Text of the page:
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Pediatrics. 2001 Aug;108(2):E32.

Syndromic ear anomalies and renal ultrasounds.

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1
University of California-Los Angeles, School of Medicine, USA.

Abstract

OBJECTIVE:

Although many pediatricians pursue renal ultrasonography when patients are noted to have external ear malformations, there is much confusion over which specific ear malformations do and do not require imaging. The objective of this study was to delineate characteristics of a child with external ear malformations that suggest a greater risk of renal anomalies. We highlight several multiple congenital anomaly (MCA) syndromes that should be considered in a patient who has both ear and renal anomalies.

METHODS:

Charts of patients who had ear anomalies and were seen for clinical genetics evaluations between 1981 and 2000 at Cedars-Sinai Medical Center in Los Angeles and Dartmouth-Hitchcock Medical Center in New Hampshire were reviewed retrospectively. Only patients who underwent renal ultrasound were included in the chart review. The literature was reviewed for the epidemiology of renal anomalies in the general population and in MCA syndromes with external ear anomalies. We defined a child as having an external ear anomaly when he or she had any of the following: preauricular pits and tags; microtia; anotia; or cup, lop, and other forms of dysplastic ears. A child was defined as having a renal anomaly if an ultrasound revealed any of the following: unilateral or bilateral renal agenesis; hypoplasia; crossed ectopia; horseshoe, pelvic, cystic kidney; hydronephrosis; duplicated ureters; megaureter; or vesicoureteric reflux.

RESULTS:

Because clinical genetics assessments were made by the same clinician at both sites (J.M.G.), data were combined. A total of 42 patients with ear anomalies received renal ultrasound; 12 (29%) of them displayed renal anomalies. Of the 12 patients with renal anomalies, 11 (92%) also received a diagnosis of MCA syndrome. Eleven of 33 patients (33%) with MCA syndromes had renal anomalies, whereas 1 of 9 patients (11%) with isolated ear anomalies had renal anomalies. Specific disorders seen were CHARGE association, Townes-Brocks syndrome, branchio-oto-renal syndrome, Nager syndrome, and diabetic embryopathy.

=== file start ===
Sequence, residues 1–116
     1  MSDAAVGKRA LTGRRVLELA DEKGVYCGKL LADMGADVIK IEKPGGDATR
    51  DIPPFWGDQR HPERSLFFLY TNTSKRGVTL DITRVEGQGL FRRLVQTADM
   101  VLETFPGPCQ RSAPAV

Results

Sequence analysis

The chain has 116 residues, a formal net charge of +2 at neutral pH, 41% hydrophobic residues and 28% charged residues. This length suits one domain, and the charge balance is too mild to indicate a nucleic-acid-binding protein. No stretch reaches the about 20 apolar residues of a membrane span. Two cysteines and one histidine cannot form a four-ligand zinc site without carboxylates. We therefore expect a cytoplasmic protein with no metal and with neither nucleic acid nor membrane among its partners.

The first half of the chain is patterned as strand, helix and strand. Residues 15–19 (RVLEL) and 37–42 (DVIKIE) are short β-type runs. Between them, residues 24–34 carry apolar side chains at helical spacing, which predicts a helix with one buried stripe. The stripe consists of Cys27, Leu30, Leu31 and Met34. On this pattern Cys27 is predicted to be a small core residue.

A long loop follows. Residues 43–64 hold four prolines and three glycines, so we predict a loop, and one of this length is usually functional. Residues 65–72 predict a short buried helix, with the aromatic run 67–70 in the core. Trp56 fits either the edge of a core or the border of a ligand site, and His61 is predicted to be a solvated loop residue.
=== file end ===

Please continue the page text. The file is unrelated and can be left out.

CONCLUSIONS:

We conclude that ear malformations are associated with an increased frequency of clinically significant structural renal anomalies compared with the general population. This is due to the observation that auricular malformations often are associated with specific MCA syndromes that have high incidences of renal anomalies. These include CHARGE association, Townes-Brocks syndrome, branchio-oto-renal syndrome, Nager syndrome, Miller syndrome, and diabetic embryopathy. Patients with auricular anomalies should be assessed carefully for accompanying dysmorphic features, including facial asymmetry; colobomas of the lid, iris, and retina; choanal atresia; jaw hypoplasia; branchial cysts or sinuses; cardiac murmurs; distal limb anomalies; and imperforate or anteriorly placed anus. If any of these features are present, then a renal ultrasound is useful not only in discovering renal anomalies but also in the diagnosis and management of MCA syndromes themselves. A renal ultrasound should be performed in patients with isolated preauricular pits, cup ears, or any other ear anomaly accompanied by 1 or more of the following: other malformations or dysmorphic features, a family history of deafness, auricular and/or renal malformations, or a maternal history of gestational diabetes. In the absence of these findings, renal ultrasonography is not indicated.

PMID:
11483842
[Indexed for MEDLINE]
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